Interview: Mexico, China can work together for shared development

Source: Xinhua| 2017-04-18 18:00:44|Editor: Tian Shaohui
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By Pei Jianrong and Edna Alcantara

MEXICO CITY, April 17 (Xinhua) -- Mexico and China should work together to achieve shared economic and technological development, especially in the realm of industrial cooperation, said entrepreneur and career diplomat, Sergio Ley Lopez.

Ley Lopez, former Mexican Ambassador to China (2001-2007), told Xinhua in a recent interview that beyond being Mexico's second-largest trading partner, China should begin financing more ambitious, mutually beneficial projects in the future.

The former diplomat believed that while China could transfer some of its manufacturing industries to a number of places in Asia and Latin America, Mexico "is the country with the industrial infrastructure China needs."

"Mexico offers the best perspectives, as it is the most industrialized country in all of Latin America," Ley Lopez told Xinhua at his home in Mexico City.

The former ambassador, who is also president of the Business Section for Asia and Oceania of the Mexican Business Council for Foreign Trade, Investment and Technology (COMCE), recognized that a severe error made in the past was to suggest a commercial rivalry between Mexico and China.

In his opinion, it only served to "wear us out in a competition that took us nowhere" and he suggests an alliance in favor of common development instead.

"In reality, China was never our competitor. What we should have done is to unite," said Ley Lopez, citing the example of the Brazilian footwear industry which allied itself with China, instead of competing with it.

He cited industries such as automotive, electronics, and aerospace as examples where collaboration could favorably impact the region.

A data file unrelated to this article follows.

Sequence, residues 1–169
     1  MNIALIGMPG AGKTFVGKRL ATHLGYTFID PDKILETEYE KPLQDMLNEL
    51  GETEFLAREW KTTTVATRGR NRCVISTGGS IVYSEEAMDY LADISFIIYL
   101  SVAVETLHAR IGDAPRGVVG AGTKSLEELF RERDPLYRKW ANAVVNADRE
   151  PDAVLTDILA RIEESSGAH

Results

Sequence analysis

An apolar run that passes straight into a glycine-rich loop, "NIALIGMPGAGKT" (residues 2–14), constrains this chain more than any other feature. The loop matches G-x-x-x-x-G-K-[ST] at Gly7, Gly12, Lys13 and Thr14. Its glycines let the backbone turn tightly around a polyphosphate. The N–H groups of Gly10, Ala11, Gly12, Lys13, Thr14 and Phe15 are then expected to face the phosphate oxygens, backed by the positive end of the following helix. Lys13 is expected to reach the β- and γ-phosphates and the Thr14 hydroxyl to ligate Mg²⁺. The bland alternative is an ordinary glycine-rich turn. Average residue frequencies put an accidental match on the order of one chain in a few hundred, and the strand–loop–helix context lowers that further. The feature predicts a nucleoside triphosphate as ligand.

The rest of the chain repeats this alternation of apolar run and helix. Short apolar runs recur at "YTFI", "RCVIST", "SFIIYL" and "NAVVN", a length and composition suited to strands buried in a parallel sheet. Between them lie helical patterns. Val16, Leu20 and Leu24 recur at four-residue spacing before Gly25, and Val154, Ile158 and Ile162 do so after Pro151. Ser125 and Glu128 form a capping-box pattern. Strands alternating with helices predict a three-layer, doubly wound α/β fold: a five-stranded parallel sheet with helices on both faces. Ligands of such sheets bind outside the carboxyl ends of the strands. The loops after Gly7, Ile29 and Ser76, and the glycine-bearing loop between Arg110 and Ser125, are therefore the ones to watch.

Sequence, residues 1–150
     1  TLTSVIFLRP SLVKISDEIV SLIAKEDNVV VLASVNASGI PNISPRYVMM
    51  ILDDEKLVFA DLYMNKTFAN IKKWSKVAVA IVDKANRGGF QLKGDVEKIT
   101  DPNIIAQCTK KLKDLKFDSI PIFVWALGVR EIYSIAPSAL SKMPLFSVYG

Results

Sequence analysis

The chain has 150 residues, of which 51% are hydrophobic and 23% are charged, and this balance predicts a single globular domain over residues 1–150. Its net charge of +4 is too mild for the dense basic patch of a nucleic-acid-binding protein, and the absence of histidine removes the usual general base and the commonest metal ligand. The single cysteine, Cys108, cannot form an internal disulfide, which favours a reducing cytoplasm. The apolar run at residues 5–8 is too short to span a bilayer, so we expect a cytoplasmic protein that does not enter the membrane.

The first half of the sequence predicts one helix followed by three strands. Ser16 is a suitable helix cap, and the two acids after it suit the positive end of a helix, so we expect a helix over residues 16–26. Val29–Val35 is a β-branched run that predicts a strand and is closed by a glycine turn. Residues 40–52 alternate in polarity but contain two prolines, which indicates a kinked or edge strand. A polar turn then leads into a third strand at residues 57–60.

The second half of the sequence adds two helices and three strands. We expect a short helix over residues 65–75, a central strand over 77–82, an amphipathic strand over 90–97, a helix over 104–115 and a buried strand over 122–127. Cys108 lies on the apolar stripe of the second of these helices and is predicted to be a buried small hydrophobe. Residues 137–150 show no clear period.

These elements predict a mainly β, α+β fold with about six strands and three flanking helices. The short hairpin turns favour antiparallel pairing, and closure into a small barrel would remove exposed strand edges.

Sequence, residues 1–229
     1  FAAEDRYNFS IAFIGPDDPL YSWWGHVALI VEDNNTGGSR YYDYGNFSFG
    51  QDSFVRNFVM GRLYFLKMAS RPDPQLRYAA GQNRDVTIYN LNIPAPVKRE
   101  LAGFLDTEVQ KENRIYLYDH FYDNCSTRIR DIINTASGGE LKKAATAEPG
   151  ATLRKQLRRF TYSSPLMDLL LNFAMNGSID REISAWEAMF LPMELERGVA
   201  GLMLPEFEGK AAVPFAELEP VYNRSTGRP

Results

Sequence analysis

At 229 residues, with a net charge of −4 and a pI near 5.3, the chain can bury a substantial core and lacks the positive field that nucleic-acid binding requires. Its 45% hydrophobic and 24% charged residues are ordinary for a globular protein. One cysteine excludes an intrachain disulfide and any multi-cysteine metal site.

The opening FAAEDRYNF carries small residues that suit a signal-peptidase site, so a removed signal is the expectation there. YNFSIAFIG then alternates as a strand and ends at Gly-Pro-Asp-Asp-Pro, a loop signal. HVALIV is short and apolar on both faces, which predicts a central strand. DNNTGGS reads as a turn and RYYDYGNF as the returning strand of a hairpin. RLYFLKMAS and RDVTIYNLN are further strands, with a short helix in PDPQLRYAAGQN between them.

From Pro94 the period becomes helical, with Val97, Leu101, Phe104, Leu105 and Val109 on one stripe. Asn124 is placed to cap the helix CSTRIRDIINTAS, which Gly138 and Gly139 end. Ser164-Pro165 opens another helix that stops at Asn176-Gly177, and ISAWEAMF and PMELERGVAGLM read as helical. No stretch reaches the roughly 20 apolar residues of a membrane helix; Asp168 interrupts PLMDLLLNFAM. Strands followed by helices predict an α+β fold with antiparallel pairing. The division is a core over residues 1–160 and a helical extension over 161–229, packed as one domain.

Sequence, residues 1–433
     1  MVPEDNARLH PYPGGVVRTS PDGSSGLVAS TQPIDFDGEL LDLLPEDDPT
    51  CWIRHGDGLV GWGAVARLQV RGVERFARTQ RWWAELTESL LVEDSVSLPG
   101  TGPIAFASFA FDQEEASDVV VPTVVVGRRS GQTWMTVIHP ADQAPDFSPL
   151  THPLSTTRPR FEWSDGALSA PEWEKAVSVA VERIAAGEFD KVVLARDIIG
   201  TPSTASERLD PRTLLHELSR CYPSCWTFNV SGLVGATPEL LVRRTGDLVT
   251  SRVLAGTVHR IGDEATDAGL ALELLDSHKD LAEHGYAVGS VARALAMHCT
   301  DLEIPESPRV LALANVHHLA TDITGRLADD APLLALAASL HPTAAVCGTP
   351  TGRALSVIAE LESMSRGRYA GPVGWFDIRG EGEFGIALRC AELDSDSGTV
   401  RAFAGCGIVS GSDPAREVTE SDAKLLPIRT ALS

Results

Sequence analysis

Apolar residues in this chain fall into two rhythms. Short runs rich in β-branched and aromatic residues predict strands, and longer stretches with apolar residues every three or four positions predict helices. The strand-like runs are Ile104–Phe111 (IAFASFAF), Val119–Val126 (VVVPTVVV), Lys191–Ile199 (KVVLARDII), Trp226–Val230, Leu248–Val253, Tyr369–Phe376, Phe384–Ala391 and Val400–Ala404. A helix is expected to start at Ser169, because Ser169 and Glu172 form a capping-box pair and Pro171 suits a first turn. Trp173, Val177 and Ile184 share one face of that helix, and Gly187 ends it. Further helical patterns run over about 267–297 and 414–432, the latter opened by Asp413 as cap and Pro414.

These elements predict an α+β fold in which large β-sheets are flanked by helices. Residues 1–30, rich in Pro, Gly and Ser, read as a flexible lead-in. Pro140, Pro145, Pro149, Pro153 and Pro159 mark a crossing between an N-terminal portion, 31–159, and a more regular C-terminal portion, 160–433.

"Mexico offers great options for Chinese industry. We have infrastructure, highly qualified personnel and raw material suppliers," said the former ambassador.

One example of such collaboration has been seen with the arrival of Chinese car maker JAC Motors, which is assembling two types of SUVs in the Mexican state of Hidalgo.

For Ley Lopez, despite their distance, both countries have a broad commercial, cultural, social and migratory relationship, which began with the journeys of the Manila Galleons, which have carried Chinese goods between the Philippines and Mexico since the 16th century.

Today, he sees the relationship being strengthened through trade agreements, state visits, cultural exchanges and increasing tourism.

Ley Lopez pointed out that China Southern Airlines recently began a flight between Guangzhou and Mexico City, joining an existing Aeromexico connection between Shanghai and Mexico City.

"The flight gave me a very positive impression. It struck me as a messenger of peace, a messenger of understanding, a highly important link between our two countries," he said. "I also feel it is a bridge for us to get on better, to better communicate."

Ley Lopez also noted that "Mexico fortunately has many projects for which China has excellent experiences such as infrastructure construction."

He added that such projects could involve the expansion or renovation of ports, highways, airports and railways for persons and cargo.

Finally, Ley Lopez recognized that Chinese companies will continue to invest more in Mexico and other Latin American countries as its experience and trust in the region grows.

According to Mexican Minister of Economy Jose Antonio Meade, Chinese companies invested around 421 million U.S. dollars in Mexico from 1999 to 2016.

However, Ley Lopez believed that it may just be the beginning.